The author utilized Base Ball’s 19th Century ‘Winter’ Meetings: 1857-1900 (Phoenix: SABR, 2018), as well as game summaries and box scores for the June 4-8 Pittsburgh vs. Brooklyn series published in the Pittsburgh Commercial Gazette, New York Clipper, Brooklyn Union, Brooklyn Eagle, New York Sun, New York Times and Sporting Life, and the same newspapers to compile 1885 pitching logs for Morris and Porter. He also obtained pertinent material from and



1 First Inaugural Address of Ulysses S. Grant, March 4, 1869, Yale Law School Avalon Project website,, accessed April 5, 2022.

2 The intent of this rewording was to allow any arm angle below shoulder height as well as to allow pitches that entailed a snap of the wrist, commonly referred to as “jerks.” “The League Convention,” New York Clipper, December 16, 1882: 629.

3 “The American Association Convention,” New York Clipper, December 23, 1882: 645.

4 Michael R. McAvoy, “Boom and Entry: The 1883 Business Meetings,” in Base Ball’s 19th Century ‘Winter’ Meetings: 1857-1900 (Phoenix: SABR, 2018), 203; “The League Convention,” New York Clipper, December 1, 1883: 609.

5 Hall of Fame historian Lee Allen considered 1884 the “greatest season for pitching the game has ever known.” Joseph Overfield, “A Memorable Year: 1884; A Memorable Player: Jim Galvin, Baseball Research Journal, 1982,

6 “Base Ball Records,” Boston Journal, October 16, 1884: 5.

7 “Base Ball,” Providence Evening Bulletin, November 18, 1884: 3.

8 “The League Meeting,” Sporting Life, November 26, 1884: 8.

9 “Important Changes,” St. Louis Post-Dispatch, December 12, 1884: 5.

10 “The Domain of Sports,” Chicago Daily News, December 10, 1884: 1.

11 “Base Ball,” Philadelphia Times, December 21, 1884: 10; “Harry Wright on Base Ball,” Cambridge City (Indiana) Tribune, January 8, 1885: 1.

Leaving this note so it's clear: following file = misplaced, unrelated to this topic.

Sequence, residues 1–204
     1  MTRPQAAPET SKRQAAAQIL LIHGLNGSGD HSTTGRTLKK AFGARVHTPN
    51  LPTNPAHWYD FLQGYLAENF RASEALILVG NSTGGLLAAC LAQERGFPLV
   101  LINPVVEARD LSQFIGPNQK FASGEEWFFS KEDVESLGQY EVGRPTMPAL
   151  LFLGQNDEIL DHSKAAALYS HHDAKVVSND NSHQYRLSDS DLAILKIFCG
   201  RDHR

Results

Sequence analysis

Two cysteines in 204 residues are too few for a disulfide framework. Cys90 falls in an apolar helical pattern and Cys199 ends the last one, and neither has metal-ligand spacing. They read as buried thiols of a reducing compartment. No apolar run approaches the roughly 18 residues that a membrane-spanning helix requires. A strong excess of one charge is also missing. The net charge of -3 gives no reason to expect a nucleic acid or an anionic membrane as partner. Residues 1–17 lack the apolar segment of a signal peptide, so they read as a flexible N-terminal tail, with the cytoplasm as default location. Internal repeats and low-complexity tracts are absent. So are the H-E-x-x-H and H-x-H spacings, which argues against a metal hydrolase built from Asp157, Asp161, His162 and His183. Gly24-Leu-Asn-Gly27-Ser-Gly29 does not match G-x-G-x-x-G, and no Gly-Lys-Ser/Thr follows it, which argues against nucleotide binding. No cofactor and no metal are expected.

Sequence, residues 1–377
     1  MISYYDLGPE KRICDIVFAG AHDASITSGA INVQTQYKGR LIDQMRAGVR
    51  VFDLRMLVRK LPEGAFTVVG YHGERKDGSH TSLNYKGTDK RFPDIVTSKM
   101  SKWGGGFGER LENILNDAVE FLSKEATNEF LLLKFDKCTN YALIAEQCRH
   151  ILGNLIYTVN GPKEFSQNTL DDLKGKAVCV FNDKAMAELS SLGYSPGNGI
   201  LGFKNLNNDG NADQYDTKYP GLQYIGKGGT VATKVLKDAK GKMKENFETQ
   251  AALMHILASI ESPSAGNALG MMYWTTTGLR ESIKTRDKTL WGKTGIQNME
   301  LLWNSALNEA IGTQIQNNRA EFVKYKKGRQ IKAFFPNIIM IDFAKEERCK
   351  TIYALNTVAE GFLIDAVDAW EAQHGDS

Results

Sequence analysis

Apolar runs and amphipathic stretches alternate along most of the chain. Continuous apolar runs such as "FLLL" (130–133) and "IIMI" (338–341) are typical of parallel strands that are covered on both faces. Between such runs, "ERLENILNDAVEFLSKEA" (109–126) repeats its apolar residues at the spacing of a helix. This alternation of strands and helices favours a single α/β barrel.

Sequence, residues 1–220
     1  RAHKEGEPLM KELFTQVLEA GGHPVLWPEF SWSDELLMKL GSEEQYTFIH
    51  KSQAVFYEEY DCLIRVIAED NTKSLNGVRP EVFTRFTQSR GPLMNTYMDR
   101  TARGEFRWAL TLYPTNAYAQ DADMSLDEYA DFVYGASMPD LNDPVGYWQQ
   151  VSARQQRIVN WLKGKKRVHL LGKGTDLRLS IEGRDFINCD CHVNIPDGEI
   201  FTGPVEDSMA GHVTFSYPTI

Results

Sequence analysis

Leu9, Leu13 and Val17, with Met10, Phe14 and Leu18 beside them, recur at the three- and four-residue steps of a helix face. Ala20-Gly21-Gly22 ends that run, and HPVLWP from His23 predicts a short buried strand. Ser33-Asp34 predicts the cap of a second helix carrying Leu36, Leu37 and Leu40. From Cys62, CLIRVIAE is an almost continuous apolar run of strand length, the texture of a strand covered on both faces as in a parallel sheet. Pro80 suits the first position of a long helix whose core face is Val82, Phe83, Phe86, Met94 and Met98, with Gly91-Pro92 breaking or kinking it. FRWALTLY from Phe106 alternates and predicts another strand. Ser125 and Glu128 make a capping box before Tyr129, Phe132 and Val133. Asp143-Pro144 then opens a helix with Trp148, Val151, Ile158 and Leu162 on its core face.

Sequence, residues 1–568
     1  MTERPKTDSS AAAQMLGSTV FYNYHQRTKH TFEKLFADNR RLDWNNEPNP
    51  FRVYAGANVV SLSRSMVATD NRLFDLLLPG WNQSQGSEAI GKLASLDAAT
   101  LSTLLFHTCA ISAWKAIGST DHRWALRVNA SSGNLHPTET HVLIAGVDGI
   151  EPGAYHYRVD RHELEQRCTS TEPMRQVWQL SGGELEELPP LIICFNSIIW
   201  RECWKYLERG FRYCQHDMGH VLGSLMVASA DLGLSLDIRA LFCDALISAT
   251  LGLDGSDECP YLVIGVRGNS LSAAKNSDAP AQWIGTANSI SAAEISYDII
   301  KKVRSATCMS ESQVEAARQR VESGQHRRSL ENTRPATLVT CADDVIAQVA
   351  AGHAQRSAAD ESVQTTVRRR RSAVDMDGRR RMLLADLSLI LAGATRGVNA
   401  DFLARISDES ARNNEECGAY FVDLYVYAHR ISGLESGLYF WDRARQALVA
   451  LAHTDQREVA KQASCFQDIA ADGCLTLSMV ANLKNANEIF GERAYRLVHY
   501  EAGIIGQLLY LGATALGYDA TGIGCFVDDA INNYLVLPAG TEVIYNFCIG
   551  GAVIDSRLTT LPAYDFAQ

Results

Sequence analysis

12 “Sporting,” Buffalo Commercial Advertiser, December 6, 1884: 3.

13 An early indication of widespread problems with the NL’s new pitching rule was the many exhibition game losses to AA teams, whose pitchers had the comfort of following pitching restrictions that were unchanged from the previous season. “Base Ball Notes,” Norfolk Virginian, April 21, 1885: 1.

14 League President Nick Young dutifully distributed preseason guidance on how umpires were to enforce the rule. Despite his clarification that umpires need only watch the pitchers’ feet and pay no attention to their arm movements, NL umpire Harry McCaffery refused to enforce the new rule in a preseason game, admitting he didn’t fully understand it. “The National Game,” Burlington (Vermont) Clipper, March 26, 1885: 4; “The League Pitching Rules Defined,” St. Louis Globe-Democrat, April 5, 1885: 8.

15 “Base Ball,” Fall River (Massachusetts) Daily Herald, May 28, 1885: 2.

16 During the last week of the NL preseason, the St. Louis Globe Democrat reported that the Detroit Wolverines had forwarded a request to President Young that the new pitching rule not be enforced, the Minneapolis Star Tribune claimed that Quakers pitcher Charlie Ferguson threatened to quit if the rule was enforced, and the Boston Globe wrote that Providence captain Joe Start wanted the new pitching rule revoked. “Diamond Dust,” St. Louis Globe-Democrat, April 25, 1885: 7; “Baseball Gossip,” Minneapolis Star Tribune, April 26, 1885: 19; “Home Runs,” Boston Globe, April 29, 1885: 5.

17 “Base Ball Notes,” Philadelphia Times, April 19, 1885: 2; “Diamond Chips,” St. Louis Post-Dispatch, April 29, 1885: 7.

18 “Diamond Dust,” St. Louis Globe-Democrat, May 3, 1885: 8.

19 The penalty change made the warning, referred to as the first foul balk, a dead ball so as not to reward pitchers whose illegal offerings resulted in strikeouts or outs in the field. “Sporting Notes,” Ottawa (Ontario) Daily Citizen, May 9, 1885: 7.

20 “Meeting of American Association Umpires,” St. Louis Globe-Democrat, April 20, 1883: 6.

21 The Eastern League had elected in its January 1884 organizing meeting to adopt AA playing rules. McAvoy, “Boom and Entry,” 205; “The Obnoxious Pitching Restriction Abolished,” Providence Evening Bulletin, May 27, 1885: 5.

22 “A Change Needed,” Sporting Life, June 3, 1885: 3.

23 “An Effort to Remove the Restrictions on the American Association Pitchers,” Philadelphia Times, May 30, 1885: 2; “Sports and Pastimes,” Brooklyn Eagle, June 6, 1885: 1.

24 “The Pitching Rule Revoked,” Boston Globe, June 7, 1885: 3.

25 At their meeting, AA owners also eliminated foul bounds, requiring that balls be caught on the fly in the outfield to be counted as putouts. “Sporting,” Chicago Tribune, June 8, 1885: 3.

26 The NL implemented the change after President Young had received telegrams from representatives of the Boston and Providence clubs confirming their votes to eliminate restrictions on pitching motions. “Presto, Change!” Sporting Life, June 17, 1885: 2.

27 Morris was one of 10 Buckeyes reassigned to Pittsburgh after the collapse of the Columbus franchise.